A new initiative to regain Jewish funds deposited in Swiss banks during World War II is expected to emerge from a meeting of world Jewish leaders next month in Brussels.
The officials from European Jewish communities, Israeli government agencies and American Jewish organizations will meet Sept. 12-13 “to discuss broad issues across Europe” that affect Jews, said Elan Steinberg, executive director of the World Jewish Congress.
WJC President Edgar Bronfman will lead the conference, which is co-sponsored by the European Jewish Congress and the World Jewish Restitution Organization.
The conference is expected to result in a demand for the Swiss government to take steps to allocate frozen funds, among other initiatives to pressure the Swiss banking system to allow Holocaust survivors or inheritors to search for missing funds.
Media in Israel and elsewhere have reported that large amounts of money belonging to Holocaust victims are still being held in Swiss bank accounts.
Swiss banks, which are known for their premium on privacy, have refused to release the deposits to relatives of the deceased without proper documentation and accurate account numbers, much of which vanished during and after the war years.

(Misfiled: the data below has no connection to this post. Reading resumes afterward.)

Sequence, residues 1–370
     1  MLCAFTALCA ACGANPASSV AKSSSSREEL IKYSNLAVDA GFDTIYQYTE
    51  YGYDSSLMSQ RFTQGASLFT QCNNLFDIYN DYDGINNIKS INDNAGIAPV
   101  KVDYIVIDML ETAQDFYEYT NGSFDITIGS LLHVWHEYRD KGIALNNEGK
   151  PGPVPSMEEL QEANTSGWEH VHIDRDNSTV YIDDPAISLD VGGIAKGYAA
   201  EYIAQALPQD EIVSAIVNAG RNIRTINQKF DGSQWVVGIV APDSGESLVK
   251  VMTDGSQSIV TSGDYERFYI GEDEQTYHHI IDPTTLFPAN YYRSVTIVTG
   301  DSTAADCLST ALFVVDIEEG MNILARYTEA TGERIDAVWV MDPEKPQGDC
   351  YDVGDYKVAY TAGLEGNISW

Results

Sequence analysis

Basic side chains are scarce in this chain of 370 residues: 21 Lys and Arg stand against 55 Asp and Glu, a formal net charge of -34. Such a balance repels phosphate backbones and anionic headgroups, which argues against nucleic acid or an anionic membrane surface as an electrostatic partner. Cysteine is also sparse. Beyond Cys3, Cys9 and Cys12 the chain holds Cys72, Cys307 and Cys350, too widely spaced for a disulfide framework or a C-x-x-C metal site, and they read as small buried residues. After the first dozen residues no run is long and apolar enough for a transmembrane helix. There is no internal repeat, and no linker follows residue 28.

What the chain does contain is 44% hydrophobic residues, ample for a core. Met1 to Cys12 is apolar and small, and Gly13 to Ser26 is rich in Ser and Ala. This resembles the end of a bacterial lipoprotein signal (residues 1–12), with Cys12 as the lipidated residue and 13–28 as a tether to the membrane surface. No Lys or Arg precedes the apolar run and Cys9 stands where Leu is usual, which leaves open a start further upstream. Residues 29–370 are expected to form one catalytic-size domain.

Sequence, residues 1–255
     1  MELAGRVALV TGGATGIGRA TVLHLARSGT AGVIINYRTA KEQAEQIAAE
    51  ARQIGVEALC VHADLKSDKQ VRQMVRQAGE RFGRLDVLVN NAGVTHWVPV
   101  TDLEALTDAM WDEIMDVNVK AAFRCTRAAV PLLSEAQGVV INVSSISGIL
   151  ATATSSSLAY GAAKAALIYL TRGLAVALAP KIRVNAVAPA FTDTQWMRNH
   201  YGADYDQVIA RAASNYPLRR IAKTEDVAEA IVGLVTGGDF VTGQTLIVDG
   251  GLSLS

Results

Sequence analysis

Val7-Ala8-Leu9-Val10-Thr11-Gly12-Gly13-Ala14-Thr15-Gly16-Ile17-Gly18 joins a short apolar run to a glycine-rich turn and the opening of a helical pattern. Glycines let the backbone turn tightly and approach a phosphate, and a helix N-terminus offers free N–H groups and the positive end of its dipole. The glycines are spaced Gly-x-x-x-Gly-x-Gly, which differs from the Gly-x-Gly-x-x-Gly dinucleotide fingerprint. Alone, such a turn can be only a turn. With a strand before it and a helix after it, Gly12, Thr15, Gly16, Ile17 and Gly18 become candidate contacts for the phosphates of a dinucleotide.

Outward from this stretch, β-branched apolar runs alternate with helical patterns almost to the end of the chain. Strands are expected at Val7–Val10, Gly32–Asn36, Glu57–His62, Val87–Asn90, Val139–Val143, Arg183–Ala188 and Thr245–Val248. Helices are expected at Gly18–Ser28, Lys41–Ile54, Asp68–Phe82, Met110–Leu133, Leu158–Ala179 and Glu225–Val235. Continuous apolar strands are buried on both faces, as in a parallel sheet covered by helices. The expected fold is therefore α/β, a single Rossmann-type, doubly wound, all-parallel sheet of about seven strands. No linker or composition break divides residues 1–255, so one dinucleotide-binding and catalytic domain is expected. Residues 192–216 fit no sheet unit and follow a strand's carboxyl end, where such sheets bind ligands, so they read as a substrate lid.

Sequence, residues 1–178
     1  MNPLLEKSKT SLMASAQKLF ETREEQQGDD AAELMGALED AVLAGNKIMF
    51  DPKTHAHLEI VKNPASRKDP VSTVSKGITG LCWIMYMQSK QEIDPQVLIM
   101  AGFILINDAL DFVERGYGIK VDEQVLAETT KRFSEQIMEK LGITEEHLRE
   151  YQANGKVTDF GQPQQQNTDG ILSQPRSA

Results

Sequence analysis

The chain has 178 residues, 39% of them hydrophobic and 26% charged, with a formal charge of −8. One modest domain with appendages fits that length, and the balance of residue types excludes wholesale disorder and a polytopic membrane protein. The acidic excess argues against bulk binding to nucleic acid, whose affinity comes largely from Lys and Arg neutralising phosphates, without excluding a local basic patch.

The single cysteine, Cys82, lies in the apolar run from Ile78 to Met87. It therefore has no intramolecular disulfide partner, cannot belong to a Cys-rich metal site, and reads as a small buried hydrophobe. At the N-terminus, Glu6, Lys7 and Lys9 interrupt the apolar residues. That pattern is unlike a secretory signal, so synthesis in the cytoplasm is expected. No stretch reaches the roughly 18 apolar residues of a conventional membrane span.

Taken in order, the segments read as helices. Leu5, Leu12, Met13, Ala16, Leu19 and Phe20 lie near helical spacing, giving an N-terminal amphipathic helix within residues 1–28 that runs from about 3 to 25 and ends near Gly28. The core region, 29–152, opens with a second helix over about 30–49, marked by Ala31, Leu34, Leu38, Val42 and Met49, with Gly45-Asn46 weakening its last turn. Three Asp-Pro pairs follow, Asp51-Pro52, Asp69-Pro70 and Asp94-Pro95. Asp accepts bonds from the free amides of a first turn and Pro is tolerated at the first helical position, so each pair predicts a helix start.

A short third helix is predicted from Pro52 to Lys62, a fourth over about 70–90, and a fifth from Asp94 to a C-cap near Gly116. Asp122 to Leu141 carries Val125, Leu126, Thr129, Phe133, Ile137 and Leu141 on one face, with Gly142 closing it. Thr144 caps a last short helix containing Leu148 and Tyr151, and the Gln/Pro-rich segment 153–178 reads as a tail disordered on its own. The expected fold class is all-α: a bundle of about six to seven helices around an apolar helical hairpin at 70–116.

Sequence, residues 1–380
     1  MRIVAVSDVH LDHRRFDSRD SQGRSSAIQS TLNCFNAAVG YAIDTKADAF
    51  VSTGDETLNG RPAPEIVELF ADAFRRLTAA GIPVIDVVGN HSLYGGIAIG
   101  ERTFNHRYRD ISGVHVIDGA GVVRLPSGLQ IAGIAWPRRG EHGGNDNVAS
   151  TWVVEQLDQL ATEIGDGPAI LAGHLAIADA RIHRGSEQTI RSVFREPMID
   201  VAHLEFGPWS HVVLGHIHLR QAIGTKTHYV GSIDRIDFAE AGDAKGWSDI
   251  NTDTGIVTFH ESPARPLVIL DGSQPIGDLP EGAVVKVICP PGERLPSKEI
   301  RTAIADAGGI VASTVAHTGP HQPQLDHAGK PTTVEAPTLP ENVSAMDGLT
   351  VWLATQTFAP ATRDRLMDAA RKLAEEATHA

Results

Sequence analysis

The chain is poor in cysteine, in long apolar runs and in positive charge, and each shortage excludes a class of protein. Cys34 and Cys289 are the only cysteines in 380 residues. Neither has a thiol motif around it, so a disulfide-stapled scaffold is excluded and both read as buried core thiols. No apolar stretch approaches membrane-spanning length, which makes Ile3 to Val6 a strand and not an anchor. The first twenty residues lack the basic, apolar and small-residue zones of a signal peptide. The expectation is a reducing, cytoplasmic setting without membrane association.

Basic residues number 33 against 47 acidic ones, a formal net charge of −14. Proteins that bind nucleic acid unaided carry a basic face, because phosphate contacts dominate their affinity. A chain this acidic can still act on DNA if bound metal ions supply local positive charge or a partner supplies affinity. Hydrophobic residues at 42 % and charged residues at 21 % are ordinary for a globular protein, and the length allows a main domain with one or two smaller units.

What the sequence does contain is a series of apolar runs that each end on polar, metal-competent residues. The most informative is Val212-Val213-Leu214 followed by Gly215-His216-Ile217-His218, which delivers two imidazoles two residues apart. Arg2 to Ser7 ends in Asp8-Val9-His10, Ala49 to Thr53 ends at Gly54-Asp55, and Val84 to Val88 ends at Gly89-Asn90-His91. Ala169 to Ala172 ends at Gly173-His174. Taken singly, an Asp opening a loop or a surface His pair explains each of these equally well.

Estimates of these accounts, comprised of deposits from World War II, range from tens of millions of dollars to nearly $7 billion.
The Swiss Bankers Association, the industry’s leading organization, has said the numbers are inflated.
Some of the accounts may include funds confiscated from Jews by the Nazis, who then transferred to monies to Switzerland.
The German daily Bild reported Monday that Heinrich Himmler, head of the Nazi SS and Gestapo, has transferred $800 million in cash and items to Switzerland during the war.
He accumulated the treasure from Hungarian Jews, who sought passage in return, reported the newspaper, which apparently received the information from recently released archives from the former East Germany.
The newspaper report could not be confirmed.
Earlier, top Swiss bank officials reportedly reached an agreement to appoint an independent arbitrator to oversee the transfer of the deposits to their rightful heirs.
At the September conference, the leaders also will address compensation issues involving other countries in Eastern and Central Europe and in Scandinavia, Steinberg said.